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Nelly's Version

3.25  ·  Rating Details ·  28 Ratings  ·  9 Reviews
In acclaimed author Eva Figes' inventive reshaping of the pop psychological thriller, her fifth novel opens as Nelly Dean, a middle-aged woman suffering from amnesia, checks into a small-town hotel with a suitcase full of cash and no idea where it - or she - came from. Distrustful of everyone from the waiter who serves her lunch to a store clerk who claims to know her from ...more
Paperback, 218 pages
Published February 1st 2002 by Dalkey Archive Press (first published 1977)
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Nate D
Mar 19, 2015 Nate D rated it liked it  ·  review of another edition
Recommends it for: alienated downtowns
Recommended to Nate D by: identically empty homes
Opens in a particularly thrilling kind of existential noir confusion (a women checks into a hotel under an assumed name with a case of money -- and promptly realizes she has no idea of her identity or how she came to be there), and begins exploration of its world amid a portents equally of impending doom, and of the impending utterly mundane. The narrative goes through many reinventions -- first an erosion by that mundanity, which carries the narrators plight from initial mystery into a kind of ...more
MJ Nicholls

A sleepy novel about an amnesiac who wakes up in a strange hotel room and goes for long boring pastoral walks which are described in painful detail, and meets an old (maybe) friend who has an unlikely dialogue with her in a shop before being violently assaulted and then her (maybe) son turns up and she acts haughty towards him for the whole book and then she has wrinkly sex with her (maybe) husband and then looks in mirrors then does something or other but the book peters off with no real climax
Apr 03, 2009 Alan rated it really liked it
excellent amnesia novel: Woman in a hotel with no memory of what happened before she got there. Everyday encounters at the station and shop and cafe take on eerie significance, and I was caught up in the intrigue. I liked the fact that it was Britain in the 70s too. Towards the end her past does catch up with her but Figes doesn't tie up all the loose ends (eg what about that suitcase of money?). I liked that. A bit like the film Repulsion at times although more genteel - she tries to get people ...more
Feb 08, 2015 Pamela rated it liked it
“I was alone, with myself, a stranger.”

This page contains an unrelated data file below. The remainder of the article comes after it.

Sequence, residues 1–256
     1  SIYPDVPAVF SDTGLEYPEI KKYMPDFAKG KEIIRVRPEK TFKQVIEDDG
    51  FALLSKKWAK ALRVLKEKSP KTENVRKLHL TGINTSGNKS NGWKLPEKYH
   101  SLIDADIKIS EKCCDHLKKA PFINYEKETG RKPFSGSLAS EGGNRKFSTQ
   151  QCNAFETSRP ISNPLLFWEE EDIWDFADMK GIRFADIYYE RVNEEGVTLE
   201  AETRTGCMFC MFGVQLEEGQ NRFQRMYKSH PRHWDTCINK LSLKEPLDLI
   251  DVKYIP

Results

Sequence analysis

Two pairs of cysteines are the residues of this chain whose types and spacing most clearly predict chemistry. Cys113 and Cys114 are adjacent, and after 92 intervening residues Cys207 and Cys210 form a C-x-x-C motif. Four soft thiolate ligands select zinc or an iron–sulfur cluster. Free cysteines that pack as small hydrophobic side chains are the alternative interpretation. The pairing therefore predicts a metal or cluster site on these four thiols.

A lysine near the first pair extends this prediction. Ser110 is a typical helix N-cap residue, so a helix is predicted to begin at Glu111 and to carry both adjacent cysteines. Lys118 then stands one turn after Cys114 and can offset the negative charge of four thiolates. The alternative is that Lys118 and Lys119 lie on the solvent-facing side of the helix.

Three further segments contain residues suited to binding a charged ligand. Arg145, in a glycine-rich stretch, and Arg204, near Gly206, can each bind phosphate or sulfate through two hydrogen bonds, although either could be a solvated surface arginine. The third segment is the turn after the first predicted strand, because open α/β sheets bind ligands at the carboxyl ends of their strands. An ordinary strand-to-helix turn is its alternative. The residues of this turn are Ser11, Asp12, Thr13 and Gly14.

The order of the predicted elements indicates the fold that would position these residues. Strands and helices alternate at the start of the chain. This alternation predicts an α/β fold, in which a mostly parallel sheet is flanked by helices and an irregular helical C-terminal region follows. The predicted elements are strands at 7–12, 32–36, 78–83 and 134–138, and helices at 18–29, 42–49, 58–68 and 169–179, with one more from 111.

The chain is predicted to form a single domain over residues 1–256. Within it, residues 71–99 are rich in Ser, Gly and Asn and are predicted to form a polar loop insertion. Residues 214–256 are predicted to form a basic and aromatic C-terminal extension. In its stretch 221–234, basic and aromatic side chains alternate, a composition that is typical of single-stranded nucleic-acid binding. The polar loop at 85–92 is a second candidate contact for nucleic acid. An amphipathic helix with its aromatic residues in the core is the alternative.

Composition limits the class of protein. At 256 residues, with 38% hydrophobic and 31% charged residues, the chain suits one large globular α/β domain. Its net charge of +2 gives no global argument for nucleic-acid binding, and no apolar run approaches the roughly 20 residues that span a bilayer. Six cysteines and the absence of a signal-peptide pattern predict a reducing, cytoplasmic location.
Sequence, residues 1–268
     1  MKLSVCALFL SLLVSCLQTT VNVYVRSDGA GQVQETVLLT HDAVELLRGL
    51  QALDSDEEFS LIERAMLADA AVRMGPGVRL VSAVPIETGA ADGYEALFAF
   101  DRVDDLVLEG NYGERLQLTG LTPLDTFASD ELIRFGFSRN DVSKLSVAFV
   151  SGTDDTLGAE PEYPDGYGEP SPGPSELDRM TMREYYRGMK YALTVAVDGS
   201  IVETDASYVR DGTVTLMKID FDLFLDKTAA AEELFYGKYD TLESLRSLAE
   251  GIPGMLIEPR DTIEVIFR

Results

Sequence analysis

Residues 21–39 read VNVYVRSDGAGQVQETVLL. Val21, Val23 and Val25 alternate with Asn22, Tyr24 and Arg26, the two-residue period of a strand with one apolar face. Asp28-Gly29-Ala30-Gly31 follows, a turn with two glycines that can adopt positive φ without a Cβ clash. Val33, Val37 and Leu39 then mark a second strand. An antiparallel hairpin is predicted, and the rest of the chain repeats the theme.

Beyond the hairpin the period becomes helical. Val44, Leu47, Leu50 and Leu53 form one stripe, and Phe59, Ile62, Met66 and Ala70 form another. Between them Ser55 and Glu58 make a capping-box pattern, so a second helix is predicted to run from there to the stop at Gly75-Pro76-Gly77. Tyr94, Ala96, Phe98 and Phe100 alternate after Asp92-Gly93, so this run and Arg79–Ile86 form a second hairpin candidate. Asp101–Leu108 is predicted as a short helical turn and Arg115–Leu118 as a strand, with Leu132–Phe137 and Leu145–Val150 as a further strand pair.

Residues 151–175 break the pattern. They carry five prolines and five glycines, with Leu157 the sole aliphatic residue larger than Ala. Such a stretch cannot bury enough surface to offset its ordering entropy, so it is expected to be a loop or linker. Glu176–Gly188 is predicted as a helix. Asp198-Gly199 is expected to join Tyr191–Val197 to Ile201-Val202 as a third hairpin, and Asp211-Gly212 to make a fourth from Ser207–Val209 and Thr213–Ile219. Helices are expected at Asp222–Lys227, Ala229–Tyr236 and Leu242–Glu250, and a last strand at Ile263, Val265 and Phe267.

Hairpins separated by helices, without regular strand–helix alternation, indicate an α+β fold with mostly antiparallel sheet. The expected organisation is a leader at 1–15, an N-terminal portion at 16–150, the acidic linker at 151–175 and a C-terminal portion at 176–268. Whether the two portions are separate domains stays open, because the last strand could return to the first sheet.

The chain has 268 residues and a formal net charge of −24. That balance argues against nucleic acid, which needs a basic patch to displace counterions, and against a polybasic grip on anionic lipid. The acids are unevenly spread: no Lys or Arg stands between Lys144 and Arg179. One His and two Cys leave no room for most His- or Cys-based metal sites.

What would it be like to wake-up one day and not know who you are or why you’re doing what you are doing, or even where you are doing it?

“He watched my hand slide across the page as I signed a false name and address in the hotel register. I admired my own coolness: I had seen it done in so many films and now I was doing it myself.”

Nelly has a forceful personality, doesn’t suffer fools, and has a keen sense of adventure. But she can’t quite understand why pe
Jonathan Norton
Jun 25, 2012 Jonathan Norton rated it liked it
A lonely old woman loses her sense of identity as dementia takes hold. Like B.S.Johnson's "House Mother Normal", we are seeing the same events from multiple, fractured perspectives, in this case the same human being recording her impressions in different phases of a deteriorating condition.
I was really looking forward to reading this, but was so put off by a sentence regarding rape, very early on, regarding the pleasures of rape (for the girl) that I can't make myself pick it up again.
Feb 08, 2009 Auntie rated it liked it
unusual, intriguing
Robert Wechsler
Jun 15, 2013 Robert Wechsler marked it as tasted
Shelves: british-lit
Too hermetic for my taste. I much preferred Light.
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Eva Figes (born Eva Unger) is a German-born English author.

Figes has written novels, literary criticism, studies of feminism, and vivid memoirs relating to her Berlin childhood and later experiences as a Jewish refugee from Hitler's Germany. She arrived in Britain in 1939 with her parents and a younger brother. Figes is now a resident of north London and the mother of the academic Orlando Figes an
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